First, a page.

James Cridland’s International Radio Trends: Closures and bereavements

James Cridland, radio futurologist, is a conference speaker, writer and consultant. He runs the media information website media.info and helps organise the yearly Next Radio conference. He also publishes podnews.net, a daily briefing on podcasting. Buy James A Coffee HERE

Above: I saw this transmitter last week. Quite nice looking, though some vandals have dropped some letters in front of it. (In actual fact, this isn’t used to broadcast radio or TV – it’s just for LA agencies like the LAPD, fire, school, etc)

For many in UK radio, it’s been a month of change and, yes, bereavement – both actual and felt.

The sudden death of Paul Chantler earlier this week was hard to take. I’d last seen Paul at Radiodays Europe in Prague, but had chatted with him via email relatively often. He was a clever and pragmatic radio programmer, and – unusually – one who saw opportunity in the medium’s constant change. His obituary in Radio Today is worth a read. He’ll be greatly missed.

On the South Coast, the popular “live and local” radio station Wave 105 was closed down: it’ll (mostly) carry networked programming from Greatest Hits Radio. I never listened to the station; but it’s very clear from the strong comments on social media that people felt very close to the station. I’ve seen the phrase “bereavement” used here, too; and we’re likely to see more of it, as Bauer Media also closes Pirate FM and Pulse 1, the remains of the station I first worked at in 1989.

Bauer aren’t just closing radio stations, they’re also closing buildings. 1 Golden Square, the home of Virgin Radio since its launch in 1993 and, latterly, the home of Kiss, Absolute, Magic and many others, is to go silent. Not mentioned in Adam Bowie’s history of Virgin Radio: Virgin Radio was actually never meant to be based in Golden Square – but the UK’s national pop music station was actually supposed to have come from an office in, I think, Slough; and Golden Square was really only meant for the sales operation. Anyway: I’ve plenty of fond memories of the building, and it’s a sobering thought that nothing now remains, physically, of my first and last job in commercial radio.

Bauer aren’t just closing radio stations and buildings, but they’re also closing some of their transmission platforms. Bauer stations were available on Sky satellite television, cable, and Freeview terrestrial television, but by the end of this month, no longer; they’re turning them all off.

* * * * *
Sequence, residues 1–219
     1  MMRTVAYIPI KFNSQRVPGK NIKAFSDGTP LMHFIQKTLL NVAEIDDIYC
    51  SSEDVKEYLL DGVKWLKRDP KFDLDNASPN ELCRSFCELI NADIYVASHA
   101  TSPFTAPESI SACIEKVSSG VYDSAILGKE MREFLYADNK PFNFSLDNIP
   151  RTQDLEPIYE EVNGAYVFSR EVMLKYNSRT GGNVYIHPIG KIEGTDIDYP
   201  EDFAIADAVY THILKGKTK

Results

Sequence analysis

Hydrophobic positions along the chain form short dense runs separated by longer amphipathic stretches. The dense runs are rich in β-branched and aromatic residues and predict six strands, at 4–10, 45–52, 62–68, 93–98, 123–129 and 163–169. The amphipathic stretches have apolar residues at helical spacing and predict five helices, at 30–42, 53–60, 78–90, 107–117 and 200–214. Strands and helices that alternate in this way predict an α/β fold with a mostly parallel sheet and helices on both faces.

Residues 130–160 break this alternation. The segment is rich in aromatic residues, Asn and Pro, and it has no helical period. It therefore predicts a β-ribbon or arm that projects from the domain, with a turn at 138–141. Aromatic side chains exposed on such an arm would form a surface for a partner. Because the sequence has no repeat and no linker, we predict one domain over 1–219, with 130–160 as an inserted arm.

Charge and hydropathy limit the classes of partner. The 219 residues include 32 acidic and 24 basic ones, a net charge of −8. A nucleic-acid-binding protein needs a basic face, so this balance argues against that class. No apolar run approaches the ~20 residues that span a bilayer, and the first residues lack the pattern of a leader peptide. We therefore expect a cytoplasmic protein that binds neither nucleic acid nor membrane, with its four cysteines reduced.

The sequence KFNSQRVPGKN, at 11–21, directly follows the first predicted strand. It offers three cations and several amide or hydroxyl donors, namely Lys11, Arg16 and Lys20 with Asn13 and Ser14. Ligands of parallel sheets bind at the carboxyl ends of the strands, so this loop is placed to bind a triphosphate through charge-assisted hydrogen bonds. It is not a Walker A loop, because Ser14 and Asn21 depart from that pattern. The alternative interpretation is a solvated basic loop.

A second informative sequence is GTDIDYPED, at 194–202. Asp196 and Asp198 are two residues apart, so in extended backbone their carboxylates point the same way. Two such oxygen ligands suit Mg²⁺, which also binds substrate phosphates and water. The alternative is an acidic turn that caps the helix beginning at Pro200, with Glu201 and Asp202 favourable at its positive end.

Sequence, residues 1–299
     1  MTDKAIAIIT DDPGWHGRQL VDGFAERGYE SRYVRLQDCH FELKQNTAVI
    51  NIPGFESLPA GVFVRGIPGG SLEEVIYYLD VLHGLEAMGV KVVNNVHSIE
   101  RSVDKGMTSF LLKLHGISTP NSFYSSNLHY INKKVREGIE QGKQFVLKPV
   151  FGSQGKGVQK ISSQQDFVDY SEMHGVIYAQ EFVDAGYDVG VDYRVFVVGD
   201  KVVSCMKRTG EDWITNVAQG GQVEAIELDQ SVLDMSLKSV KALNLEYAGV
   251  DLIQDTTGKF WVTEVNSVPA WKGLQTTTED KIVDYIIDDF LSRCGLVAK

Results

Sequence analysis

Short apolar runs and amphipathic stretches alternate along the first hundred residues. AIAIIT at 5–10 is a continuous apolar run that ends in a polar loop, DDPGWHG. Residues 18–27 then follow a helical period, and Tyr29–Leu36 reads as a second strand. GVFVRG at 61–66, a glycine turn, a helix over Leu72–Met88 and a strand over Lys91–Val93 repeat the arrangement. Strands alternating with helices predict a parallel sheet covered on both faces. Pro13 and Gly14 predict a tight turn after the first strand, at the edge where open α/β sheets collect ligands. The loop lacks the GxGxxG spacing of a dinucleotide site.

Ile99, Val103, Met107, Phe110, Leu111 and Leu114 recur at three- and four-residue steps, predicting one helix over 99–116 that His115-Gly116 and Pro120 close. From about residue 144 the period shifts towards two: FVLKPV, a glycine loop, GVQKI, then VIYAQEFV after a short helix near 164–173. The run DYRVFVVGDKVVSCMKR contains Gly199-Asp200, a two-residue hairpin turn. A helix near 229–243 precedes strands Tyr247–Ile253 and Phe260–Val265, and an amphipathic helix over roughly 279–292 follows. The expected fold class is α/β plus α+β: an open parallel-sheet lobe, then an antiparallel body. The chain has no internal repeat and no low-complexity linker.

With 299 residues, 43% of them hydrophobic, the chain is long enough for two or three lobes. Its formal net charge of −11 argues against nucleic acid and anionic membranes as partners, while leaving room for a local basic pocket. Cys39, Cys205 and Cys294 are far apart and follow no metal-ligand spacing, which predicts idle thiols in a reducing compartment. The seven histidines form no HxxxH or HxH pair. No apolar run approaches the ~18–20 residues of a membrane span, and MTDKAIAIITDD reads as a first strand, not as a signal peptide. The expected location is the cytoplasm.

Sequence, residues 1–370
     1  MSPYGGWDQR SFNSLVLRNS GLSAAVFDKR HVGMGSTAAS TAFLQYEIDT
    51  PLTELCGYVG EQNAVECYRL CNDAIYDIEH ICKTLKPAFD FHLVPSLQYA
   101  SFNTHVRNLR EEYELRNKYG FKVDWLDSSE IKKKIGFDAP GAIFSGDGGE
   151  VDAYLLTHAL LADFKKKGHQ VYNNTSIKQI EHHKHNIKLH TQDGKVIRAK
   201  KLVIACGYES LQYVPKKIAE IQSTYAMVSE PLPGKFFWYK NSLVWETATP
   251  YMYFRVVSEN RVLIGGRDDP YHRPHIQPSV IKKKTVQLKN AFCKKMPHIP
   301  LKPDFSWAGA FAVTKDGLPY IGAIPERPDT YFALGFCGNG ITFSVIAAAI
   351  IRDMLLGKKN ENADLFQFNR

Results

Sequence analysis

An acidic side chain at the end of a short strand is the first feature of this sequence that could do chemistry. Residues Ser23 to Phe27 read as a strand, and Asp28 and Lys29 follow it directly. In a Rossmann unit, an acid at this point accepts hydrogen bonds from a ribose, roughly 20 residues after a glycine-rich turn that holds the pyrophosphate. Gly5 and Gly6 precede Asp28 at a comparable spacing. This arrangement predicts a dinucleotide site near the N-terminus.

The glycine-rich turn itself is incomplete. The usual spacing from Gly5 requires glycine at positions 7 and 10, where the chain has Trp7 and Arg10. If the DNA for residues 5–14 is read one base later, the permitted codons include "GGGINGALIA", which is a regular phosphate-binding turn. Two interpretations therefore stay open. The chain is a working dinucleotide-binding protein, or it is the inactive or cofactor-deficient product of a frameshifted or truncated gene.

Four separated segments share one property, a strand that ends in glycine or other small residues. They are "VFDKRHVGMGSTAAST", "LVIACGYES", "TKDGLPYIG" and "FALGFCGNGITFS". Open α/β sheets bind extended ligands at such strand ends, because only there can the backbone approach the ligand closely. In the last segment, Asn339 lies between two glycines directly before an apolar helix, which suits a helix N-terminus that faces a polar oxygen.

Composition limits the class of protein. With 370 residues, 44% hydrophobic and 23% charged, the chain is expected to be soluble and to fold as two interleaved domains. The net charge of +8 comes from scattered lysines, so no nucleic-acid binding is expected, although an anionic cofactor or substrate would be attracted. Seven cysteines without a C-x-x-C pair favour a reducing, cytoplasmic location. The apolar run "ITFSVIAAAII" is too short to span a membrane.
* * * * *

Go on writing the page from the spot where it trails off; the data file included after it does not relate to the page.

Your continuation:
9.4% of the UK listens to radio via the TV at some point or other, and while I was at Virgin Radio we fought quite hard for the space on Freeview, since we saw that it was an ideal way of encouraging trial of the station (and getting the radio into a new room in the house: your living room rarely has a radio in it). Yet, in terms of total time spent listening, digital TV accounts for just 3.7%.

If you think of “radio on the telly” as another platform, it’s not a massive success; though if you think of it as a marketing spend, it gets a billboard into every living room in the country for a relatively low price. It’s undoubtedly a cost that can be turned into short-term profit; but, given that Bauer doesn’t own the biggest out-of-home company in the UK – unlike its rival, Global – you’d have thought it was worth more to them as marketing.

Here’s a peek into one of Bauer’s new studios. Note that the old studio had a touch-screen set of faders, and they’ve (rightly) switched to physical faders again. For a self-op radio presenter, I can’t comprehend doing a show without being able to feel the faders you’re using or the buttons you’re wanting to press. Goodness. No wonder some radio presenters hate technology.

Away from Bauer Media – Greece is planning a local music quota. More than 45% of all music played on the radio – or in public spaces – will need to be of Greek origin.

In exchange for featuring more Greek tunes, radio stations, stressed the culture minister Lina Mendoni, “would be given more time to air commercials”. Oh, great.

The BBC is to carry ads on podcasts in the UK. I wrote about this at length in my personal blog (should probably have sent it in this newsletter, too) – but it’s a very interesting change in a fundamental BBC policy about ads. Still, if it means the end of the delay of The News Quiz’s RSS feed, I’m all for it. I also wonder out loud if auto-downloads should stop for podcasting; write an interminable trip report about my journey to Oslo, Munich, London and Los Angeles; and a thing about podcast recommendations.

The replacement for Steve Wright on “Sunday Love Songs” will be singer Michael Ball. This would be a grumble about hiring radio professionals that know how to communicate rather than a big name, etc, but I can’t really be bothered so let’s move on

The BBC’s R&D team are testing the quality of UK mobile networks for live streaming. Lots of nice data on BBC streaming is included in the blog post – it uses audio segments of 6.4 seconds, we discover, and different handsets perform very differently. Interesting work.

Worth listening to is the The Rest Is Entertainment recent episode on the future of the BBC.

I also have a real, proper blog at https://james.cridland.net/blog should you be interested in the slightly random things I post there.

Brad Hill